It ought to go without saying. When someone offers you something, and you accept it, you say, “thank you.” It’s just common sense, and yet it never ceases to amaze how uncommon common sense has become. Sadly, many nonprofits act like pigs at the proverbial trough, greedily snorting up all the resources donors put in front of them without ever acknowledging the generosity of their gifts.
Donors cannot make informed decisions about how and where to give their money if they cannot get a sense of the financial health of an organization. Nonprofits that are on the up and up should have no trouble disclosing basic financial information.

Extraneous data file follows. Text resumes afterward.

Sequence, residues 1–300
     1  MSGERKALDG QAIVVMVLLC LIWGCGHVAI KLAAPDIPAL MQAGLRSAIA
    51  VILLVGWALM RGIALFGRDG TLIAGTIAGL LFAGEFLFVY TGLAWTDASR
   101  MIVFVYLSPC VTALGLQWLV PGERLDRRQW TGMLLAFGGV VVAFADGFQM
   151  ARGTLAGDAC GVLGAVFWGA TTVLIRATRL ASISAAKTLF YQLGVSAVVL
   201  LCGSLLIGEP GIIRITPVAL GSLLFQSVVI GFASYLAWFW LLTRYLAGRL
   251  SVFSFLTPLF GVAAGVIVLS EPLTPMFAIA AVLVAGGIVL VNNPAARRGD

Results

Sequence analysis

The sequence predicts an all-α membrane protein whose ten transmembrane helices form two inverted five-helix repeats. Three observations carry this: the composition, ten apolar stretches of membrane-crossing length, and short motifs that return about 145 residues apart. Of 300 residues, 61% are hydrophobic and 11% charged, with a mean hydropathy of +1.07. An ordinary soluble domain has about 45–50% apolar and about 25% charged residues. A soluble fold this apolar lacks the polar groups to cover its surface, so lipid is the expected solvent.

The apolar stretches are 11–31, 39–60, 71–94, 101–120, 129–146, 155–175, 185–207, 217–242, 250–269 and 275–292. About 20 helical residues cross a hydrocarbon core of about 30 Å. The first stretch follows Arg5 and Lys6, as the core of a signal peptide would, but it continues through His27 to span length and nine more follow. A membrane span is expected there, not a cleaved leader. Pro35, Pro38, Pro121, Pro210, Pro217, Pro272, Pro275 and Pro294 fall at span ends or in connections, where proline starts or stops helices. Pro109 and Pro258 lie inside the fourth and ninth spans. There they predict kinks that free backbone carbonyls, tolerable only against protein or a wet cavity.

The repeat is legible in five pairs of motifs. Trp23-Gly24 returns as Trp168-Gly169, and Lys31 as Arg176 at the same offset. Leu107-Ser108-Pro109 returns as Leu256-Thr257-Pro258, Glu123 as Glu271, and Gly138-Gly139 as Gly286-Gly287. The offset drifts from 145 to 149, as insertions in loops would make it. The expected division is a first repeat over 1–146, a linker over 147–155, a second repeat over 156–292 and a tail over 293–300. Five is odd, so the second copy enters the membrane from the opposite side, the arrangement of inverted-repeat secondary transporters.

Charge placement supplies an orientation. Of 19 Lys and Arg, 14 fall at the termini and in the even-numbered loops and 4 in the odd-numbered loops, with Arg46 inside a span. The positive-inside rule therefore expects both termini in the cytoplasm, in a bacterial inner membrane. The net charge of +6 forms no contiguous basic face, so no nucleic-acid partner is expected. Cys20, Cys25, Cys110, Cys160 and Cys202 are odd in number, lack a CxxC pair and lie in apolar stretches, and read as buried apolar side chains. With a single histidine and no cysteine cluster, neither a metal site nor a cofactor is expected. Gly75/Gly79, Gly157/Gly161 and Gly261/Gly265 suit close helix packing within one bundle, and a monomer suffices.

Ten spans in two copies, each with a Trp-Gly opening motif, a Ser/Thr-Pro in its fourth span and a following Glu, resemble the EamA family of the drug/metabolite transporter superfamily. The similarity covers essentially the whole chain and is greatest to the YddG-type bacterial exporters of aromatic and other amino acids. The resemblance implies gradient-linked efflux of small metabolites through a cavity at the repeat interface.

Donors can only evaluate an organization’s ability to operate ethically if they have reasonable access to information about who the leaders are, and their operational track record. For this reason, the Donor’s Bill of Rights calls for organizations to be open about the identities of their board members.
Alumni/Development work is always and everywhere about relationships. Relationships take time to build and are based on trust. Building trust by honoring donor intent might seem like good old-fashioned common sense. The problem is, common sense isn’t so common anymore.
Any philanthropy professional worth his or her salt is, or should be, on intimate terms with the Donor Bill of Rights. It outlines the backbone of trust, which lies at the heart of all philanthropy, and organizations who ignore these tenets do so at their peril.